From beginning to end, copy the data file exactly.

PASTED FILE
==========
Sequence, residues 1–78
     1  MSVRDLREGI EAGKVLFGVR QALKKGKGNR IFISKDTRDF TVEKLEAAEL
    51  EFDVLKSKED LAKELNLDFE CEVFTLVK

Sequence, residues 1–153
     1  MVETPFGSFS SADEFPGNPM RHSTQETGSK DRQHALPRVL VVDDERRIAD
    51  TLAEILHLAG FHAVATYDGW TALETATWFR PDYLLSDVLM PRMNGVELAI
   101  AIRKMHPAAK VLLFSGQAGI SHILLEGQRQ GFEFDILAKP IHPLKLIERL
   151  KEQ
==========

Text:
Sequence, residues 1–78
     1  MSVRDLREGI EAGKVLFGVR QALKKGKGNR IFISKDTRDF TVEKLEAAEL
    51  EFDVLKSKED LAKELNLDFE CEVFTLVK

Sequence, residues 1–153
     1  MVETPFGSFS SADEFPGNPM RHSTQETGSK DRQHALPRVL VVDDERRIAD
    51  TLAEILHLAG FHAVATYDGW TALETATWFR PDYLLSDVLM PRMNGVELAI
   101  AIRKMHPAAK VLLFSGQAGI SHILLEGQRQ GFEFDILAKP IHPLKLIERL
   151  KEQ